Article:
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#1 FLD

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Posted 21 November 2019 - 11:38 AM

A few years back I made a bit of a discovery and invented something new in my shed. wooo, proper Wallace and grommit stuff! I arranged getting it manufactured and that said company have since patented it and added it to their product portfolio. Its a multimillion £££ product for them now and they have received numerous awards for it. Some folks have even received awards for buying it!

Following on from this article:
https://www.bbc.co.uk/news/uk-50156965
I have discussed options with a patent attorney. They have suggested I challenge for ownership of the patent and take control of it to allow for any royalties or settlement to be negotiated.

Has anyone done this before? Any thoughts, hints or tips?

#2 techieboy

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Posted 21 November 2019 - 11:54 AM

Expect long and expensive, where patent lawyers are involved, process here, me thinks. If it's a product/service/process that's worth millions to them, I guess they'll be quite keen to defend their position and presumably have somewhat deeper pockets. Hope you kept lots of documentation and copies of communications with this manufacturer in order to back things up.

 

See if you can get in contact with matey boy in the BBC article and see if he has any advice? Might be findable through Faecesbook etc.



#3 FLD

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Posted 21 November 2019 - 12:47 PM

Thanks Techie.
First port of call is to see how they have justified ownership during filing. That's 'only'120 quid. This could be key.

#4 coldel

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Posted 21 November 2019 - 02:59 PM

Where I work (where I create new consumer research products and tech) it clearly states in my contract all that I create is owned by the company and I have no right to the IP and when I leave all the rights and IP is retained by the company. I am guessing that in the chaps case on the BBC report that sort of clarity was not in place back in the 80s within his working contract?

 

I think you situation is different, were you under contract with this manufacturing company, did you sign anything? 



#5 FLD

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Posted 21 November 2019 - 03:02 PM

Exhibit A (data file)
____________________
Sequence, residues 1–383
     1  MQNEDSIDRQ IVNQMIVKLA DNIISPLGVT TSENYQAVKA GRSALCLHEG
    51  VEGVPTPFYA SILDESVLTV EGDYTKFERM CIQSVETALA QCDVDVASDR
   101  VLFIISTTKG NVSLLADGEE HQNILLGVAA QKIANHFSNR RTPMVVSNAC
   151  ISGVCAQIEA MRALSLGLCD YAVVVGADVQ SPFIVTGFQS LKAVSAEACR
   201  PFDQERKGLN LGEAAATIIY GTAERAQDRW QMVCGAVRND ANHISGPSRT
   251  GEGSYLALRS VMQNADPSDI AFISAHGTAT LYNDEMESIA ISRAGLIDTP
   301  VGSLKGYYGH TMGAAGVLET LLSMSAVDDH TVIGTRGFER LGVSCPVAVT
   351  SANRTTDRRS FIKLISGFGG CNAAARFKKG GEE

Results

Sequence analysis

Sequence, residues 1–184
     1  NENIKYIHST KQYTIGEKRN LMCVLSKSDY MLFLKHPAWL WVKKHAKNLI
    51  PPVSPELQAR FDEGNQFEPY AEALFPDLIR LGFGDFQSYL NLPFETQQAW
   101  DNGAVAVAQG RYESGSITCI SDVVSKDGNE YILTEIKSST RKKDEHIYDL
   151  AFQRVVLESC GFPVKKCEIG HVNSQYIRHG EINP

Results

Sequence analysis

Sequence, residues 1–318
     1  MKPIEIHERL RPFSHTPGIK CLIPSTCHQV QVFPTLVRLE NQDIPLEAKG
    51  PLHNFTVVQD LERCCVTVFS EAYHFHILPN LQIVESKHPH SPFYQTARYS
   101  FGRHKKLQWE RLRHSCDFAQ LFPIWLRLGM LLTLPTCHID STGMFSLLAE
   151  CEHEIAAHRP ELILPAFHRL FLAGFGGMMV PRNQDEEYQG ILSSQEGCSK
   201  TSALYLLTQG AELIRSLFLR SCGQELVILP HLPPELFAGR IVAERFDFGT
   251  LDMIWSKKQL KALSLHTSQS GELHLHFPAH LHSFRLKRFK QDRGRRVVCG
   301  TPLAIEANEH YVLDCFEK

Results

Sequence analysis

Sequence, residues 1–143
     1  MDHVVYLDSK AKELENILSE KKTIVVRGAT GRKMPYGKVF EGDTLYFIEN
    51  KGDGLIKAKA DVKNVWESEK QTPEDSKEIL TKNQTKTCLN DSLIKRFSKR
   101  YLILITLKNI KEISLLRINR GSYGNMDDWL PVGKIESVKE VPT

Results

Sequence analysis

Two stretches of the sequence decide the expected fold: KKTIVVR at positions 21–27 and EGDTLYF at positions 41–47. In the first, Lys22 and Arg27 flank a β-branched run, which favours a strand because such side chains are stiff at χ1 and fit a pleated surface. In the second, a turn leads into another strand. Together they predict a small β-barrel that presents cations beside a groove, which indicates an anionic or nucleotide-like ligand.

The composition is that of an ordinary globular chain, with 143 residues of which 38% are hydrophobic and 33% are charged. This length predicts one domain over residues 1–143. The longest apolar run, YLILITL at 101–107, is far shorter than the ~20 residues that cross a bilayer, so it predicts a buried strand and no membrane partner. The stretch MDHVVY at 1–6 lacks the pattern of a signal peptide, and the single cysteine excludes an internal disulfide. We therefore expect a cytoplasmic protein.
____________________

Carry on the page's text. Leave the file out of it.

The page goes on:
Nope, no contract.

#6 coldel

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Posted 21 November 2019 - 03:08 PM

Worth a crack then!



#7 FLD

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Posted 21 November 2019 - 04:38 PM

My thoughts exactly.

#8 alanwetherall

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Posted 22 November 2019 - 05:33 AM

Go there only if you can afford £800 per hour for a patent lawer

 



#9 SteveA

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Posted 22 November 2019 - 08:51 AM

There is a very nice guy I race with who is a patent attorney, he has successfully defended quite a few small businesses against some very big companies (one being Monster Energy Drinks). He is a very enthusiastic, friendly and involved man, you should give him a call to discuss options.

 

http://www.downing-ip.uk/

 

Tell him Steve Arnell directed you his way  thumbsup

 

Eta - his name is Michael Downing.


Edited by SteveA, 22 November 2019 - 08:53 AM.


#10 FLD

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Posted 22 November 2019 - 09:16 AM

Thanks Steve. : thumbsup:

I now have the document stating why the company believe they own the rights. It'll be complicated this one!

At the time I worked in Pharma. My role was in drug discovery. I did have a contract that states anything I discover during normal duties belongs to the company as you'd expect. Obviously this invention is beyond the scope of my role at the time. However, the offending company believe they obtained the rights from my employer by means of my contract. I imagine this could prove interesting should they approach my previous employer about transferring something they may not have owned. The lawyer I've spoken to lists these as 'owned' by my contract

- an invention that is made during “normal duties”;
- an invention that is made during “specifically assigned duties”;
- an invention that is made by an employee who has a “special obligation” to further the interests of the employer.

Given this was an evening shed session invention it clears these criteria but it makes my eye twitch a little.




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